So, right there in that one little Bible verse, Lamentations chapter 3:33 that really reflects the heart of God. Though He allows grief and affliction to touch us, He doesn’t do it willingly, that is He doesn’t do it from His heart. He did not want my diving accident to occur in the sense that He enjoyed it, or got a big kick out of it, or oh, boy this girl is going to neck, now let’s see what I can do with that. No. No. No. Suffering and affliction when it comes to us by His overarching will, and foreordained plan, suffering is something that really He takes no delight in.
And that one little Bible verse, Lamentations 3:33 I think it reflects the heart of God like nowhere else in the Bible. Because think of it the book of Lamentations, get this, is divided into five chapters, and the first two chapters are each comprised of 22 verses. And the last two chapters also have 22 verses in them. However, the middle of the book is chapter three, it comprises 66 verses. Now, here is the intriguing part. The exact middle of that chapter is verse 33, He does not willingly bring affliction or grief to anyone. Wow. I mean that Bible verse falls in the exact middle of the entire book of Lamentations, it is right at the apex of the entire book.
And I think there is a good reason why, because when it comes to suffering, whether it was the suffering that the prophet Jeremiah was speaking of to God’s people, or the suffering that God might allow in our viewer’s lives, God wants us to know that He has the heart of a Father. We may not understand His ways, but He definitely wants you to understand that He has the heart of a kind and compassionate Abba Father Daddy. And it doesn’t make Him happy to see us hit with hardship. But oh, my goodness it does make Him happy when He sees all the things He can do in your life in it, and how He will encourage others through it, if you would but trust in Him and believe that His mercies are new every morning, and great is His faithfulness.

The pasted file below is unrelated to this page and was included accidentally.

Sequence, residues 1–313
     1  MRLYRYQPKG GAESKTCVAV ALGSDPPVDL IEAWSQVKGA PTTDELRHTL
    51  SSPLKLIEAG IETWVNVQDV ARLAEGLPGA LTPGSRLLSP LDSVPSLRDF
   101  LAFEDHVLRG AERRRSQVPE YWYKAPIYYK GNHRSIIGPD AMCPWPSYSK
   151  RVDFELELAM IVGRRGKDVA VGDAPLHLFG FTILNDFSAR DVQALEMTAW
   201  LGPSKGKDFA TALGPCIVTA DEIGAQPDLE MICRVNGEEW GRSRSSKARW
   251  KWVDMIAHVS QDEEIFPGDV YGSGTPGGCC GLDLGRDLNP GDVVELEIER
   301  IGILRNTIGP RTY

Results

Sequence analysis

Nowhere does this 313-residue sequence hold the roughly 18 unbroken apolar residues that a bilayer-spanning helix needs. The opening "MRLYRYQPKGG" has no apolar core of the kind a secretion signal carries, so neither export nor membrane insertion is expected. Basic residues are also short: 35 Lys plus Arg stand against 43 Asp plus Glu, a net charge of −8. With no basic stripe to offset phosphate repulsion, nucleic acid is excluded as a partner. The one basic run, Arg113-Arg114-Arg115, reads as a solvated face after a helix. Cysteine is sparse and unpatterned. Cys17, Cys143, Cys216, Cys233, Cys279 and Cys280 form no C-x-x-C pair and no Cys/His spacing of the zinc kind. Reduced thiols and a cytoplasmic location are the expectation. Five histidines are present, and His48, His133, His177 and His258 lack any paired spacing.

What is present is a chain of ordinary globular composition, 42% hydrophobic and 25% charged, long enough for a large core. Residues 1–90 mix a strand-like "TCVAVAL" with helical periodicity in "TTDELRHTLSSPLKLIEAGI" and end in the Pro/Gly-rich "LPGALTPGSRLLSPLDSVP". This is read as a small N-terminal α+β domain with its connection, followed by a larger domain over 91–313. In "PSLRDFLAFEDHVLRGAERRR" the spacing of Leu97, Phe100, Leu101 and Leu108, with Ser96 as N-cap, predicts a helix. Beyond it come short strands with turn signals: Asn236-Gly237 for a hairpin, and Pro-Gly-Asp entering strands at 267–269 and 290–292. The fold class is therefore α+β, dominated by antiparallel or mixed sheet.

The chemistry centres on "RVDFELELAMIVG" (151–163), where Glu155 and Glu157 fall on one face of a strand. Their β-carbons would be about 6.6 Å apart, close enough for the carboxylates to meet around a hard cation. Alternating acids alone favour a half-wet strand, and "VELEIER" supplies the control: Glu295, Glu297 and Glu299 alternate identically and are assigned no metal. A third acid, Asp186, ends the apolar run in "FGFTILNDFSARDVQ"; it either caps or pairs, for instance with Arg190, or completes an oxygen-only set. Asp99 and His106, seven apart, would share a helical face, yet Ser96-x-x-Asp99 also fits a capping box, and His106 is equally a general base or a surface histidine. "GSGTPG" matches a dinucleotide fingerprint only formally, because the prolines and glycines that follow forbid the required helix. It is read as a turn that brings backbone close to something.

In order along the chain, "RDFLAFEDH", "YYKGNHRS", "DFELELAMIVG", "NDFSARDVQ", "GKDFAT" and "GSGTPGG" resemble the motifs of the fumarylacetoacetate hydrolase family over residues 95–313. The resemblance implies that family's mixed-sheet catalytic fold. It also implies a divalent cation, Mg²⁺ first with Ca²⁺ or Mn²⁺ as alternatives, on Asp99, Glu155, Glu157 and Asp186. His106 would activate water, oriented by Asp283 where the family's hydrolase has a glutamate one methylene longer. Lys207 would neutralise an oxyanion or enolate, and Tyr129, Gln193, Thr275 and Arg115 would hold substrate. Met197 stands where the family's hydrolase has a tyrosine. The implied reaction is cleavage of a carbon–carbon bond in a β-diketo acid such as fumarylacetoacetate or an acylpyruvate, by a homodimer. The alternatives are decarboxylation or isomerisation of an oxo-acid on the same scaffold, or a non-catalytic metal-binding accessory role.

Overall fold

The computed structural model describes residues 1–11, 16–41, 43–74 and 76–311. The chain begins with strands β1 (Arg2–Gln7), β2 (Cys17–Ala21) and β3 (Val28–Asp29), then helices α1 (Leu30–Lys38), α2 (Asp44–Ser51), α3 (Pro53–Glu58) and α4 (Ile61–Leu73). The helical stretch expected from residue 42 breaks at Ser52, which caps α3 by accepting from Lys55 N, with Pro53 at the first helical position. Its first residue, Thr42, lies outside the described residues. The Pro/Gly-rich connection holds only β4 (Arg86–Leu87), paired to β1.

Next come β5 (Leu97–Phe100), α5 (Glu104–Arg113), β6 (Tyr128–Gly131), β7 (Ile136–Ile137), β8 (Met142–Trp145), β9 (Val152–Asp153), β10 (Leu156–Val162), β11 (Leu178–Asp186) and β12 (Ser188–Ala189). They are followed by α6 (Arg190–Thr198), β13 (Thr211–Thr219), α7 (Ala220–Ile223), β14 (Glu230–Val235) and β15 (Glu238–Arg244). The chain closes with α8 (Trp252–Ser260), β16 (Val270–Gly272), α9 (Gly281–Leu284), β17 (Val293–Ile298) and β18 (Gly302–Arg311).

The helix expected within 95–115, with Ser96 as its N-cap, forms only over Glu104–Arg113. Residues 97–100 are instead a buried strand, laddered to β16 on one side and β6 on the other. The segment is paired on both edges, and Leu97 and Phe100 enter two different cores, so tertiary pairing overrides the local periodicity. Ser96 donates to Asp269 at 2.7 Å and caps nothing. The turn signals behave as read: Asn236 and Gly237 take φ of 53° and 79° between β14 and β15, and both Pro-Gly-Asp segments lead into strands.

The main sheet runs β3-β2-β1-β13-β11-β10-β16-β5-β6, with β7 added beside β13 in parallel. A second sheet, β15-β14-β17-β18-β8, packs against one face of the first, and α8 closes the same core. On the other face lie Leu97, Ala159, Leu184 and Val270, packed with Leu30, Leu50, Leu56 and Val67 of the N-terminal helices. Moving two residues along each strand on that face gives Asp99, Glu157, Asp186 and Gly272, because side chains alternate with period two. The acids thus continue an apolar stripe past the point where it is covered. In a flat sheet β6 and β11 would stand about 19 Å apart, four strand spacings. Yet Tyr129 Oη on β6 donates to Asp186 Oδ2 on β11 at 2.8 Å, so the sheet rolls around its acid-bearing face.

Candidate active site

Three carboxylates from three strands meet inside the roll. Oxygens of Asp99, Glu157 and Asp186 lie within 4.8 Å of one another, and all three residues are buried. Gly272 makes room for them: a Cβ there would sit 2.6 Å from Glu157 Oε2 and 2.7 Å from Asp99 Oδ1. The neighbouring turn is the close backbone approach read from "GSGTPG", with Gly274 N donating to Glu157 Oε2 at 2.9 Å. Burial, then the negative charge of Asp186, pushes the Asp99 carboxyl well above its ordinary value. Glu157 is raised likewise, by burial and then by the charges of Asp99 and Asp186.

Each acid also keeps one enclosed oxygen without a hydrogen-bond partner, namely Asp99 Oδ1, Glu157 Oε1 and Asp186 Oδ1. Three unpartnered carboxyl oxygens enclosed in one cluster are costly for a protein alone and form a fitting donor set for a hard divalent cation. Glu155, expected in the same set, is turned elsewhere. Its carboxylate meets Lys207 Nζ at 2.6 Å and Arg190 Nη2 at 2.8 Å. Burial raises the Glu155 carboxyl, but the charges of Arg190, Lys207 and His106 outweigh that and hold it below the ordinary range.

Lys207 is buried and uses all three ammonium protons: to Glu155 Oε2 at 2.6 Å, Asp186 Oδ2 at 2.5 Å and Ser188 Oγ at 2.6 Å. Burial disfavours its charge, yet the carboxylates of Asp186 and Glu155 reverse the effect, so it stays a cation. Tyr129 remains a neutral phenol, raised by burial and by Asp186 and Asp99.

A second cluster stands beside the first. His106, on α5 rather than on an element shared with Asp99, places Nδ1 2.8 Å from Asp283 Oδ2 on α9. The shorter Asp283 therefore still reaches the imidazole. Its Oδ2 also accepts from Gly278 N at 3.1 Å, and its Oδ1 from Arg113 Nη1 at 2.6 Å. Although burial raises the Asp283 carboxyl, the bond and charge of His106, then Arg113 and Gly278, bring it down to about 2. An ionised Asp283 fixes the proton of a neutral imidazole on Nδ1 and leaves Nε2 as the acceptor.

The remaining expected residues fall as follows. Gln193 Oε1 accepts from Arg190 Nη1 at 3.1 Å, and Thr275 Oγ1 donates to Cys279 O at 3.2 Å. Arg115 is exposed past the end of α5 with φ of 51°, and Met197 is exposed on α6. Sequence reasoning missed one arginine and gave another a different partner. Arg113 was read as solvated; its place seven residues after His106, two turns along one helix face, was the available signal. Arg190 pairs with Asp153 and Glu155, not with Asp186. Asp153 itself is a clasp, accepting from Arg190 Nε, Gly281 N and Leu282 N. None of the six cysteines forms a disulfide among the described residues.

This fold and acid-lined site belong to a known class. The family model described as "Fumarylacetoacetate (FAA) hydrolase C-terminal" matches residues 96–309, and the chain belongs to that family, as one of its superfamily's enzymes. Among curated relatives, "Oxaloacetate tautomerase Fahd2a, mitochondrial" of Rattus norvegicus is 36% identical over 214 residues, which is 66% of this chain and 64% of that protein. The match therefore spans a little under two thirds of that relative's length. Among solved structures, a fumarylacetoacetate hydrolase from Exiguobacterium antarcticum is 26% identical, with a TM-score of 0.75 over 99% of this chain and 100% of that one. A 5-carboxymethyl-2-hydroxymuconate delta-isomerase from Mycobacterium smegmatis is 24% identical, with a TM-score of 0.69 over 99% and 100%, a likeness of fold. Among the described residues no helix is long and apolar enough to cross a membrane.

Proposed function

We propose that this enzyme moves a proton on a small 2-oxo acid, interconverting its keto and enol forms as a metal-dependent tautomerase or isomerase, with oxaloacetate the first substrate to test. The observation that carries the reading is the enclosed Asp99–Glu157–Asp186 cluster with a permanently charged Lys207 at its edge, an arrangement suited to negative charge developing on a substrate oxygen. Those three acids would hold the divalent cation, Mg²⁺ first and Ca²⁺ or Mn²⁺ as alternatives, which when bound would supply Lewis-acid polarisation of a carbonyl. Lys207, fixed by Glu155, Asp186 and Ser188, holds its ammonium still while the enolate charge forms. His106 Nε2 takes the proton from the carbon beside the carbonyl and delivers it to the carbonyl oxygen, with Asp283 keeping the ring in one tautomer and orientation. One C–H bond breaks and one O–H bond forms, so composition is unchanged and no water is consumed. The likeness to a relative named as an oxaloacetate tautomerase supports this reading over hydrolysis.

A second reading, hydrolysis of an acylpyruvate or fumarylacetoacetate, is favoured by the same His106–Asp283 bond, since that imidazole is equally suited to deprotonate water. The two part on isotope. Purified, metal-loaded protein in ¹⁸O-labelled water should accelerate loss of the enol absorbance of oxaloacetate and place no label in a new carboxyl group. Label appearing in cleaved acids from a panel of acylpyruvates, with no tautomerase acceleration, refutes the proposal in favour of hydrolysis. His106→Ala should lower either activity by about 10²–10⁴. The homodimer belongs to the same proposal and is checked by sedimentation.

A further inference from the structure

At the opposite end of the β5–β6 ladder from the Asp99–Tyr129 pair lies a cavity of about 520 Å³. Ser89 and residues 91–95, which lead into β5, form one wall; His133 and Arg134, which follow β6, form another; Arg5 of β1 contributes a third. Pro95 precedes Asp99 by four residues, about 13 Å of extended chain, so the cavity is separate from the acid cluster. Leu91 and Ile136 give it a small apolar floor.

Tim Moore: Certainly.
Nathan Jones: Excellent. Well, Joni when your life changed when you were just 17. Tim and I both a heart for the youth today, they seem to be losing hope. The student life conference you did once you said this “God has not redeemed us to make us happy and healthy; He has redeemed us to make us like Jesus.” How would you then encourage the youth to be grounded in the Blessed Hope?
Joni Eareckson Tada: Well, I would say to young people today, you can believe in God, you can say you believe in God. You can say that you follow Jesus, but when suffering hits you hard next time, watch how you respond to it. Because suffering will reveal the essence of everything you believe about the God of the Bible. And make no mistake when we sign up in the army of Jesus Christ there is no small print in the contract, we are going to go through sufferings. The road to calvary, to the cross of Jesus Christ where we lay down our sin, and where everyday we experience something of the death of Jesus so that we might also know the power and the life of Jesus in these bodies of ours, that is a quote from 2 Corinthians 4:12. The Christian life is hard, very hard. So, don’t be disappointed by those afflictions.
Second Corinthians 4:8 says, you are going to be hard pressed on every side, but it says it will not crush you. Oh, friends I think about that Bible verse almost every night when I wake up at 2:30 in the morning, 3:30 in the morning, 4 AM, 5 AM in pain. I say to my pain you’re hard pressing me on all sides, but the Bible says my loving Father says, you are not going to crush me. You are not going to crush me. So, I am going to believe my Jesus. My feelings think that He is giving me way too much, more than I can handle, but I’m not going to believe my feelings, I’m going to believe Jesus and His Word. And though I am hard pressed on all sides right now at 4 AM with this pain, I know for sure it is not going to crush me because I’ve got Christ who is with me. He is Immanuel with me in my suffering. Oh, that young people today would grasp that and understand it, they’d make giant leaps forward in their walk with Christ.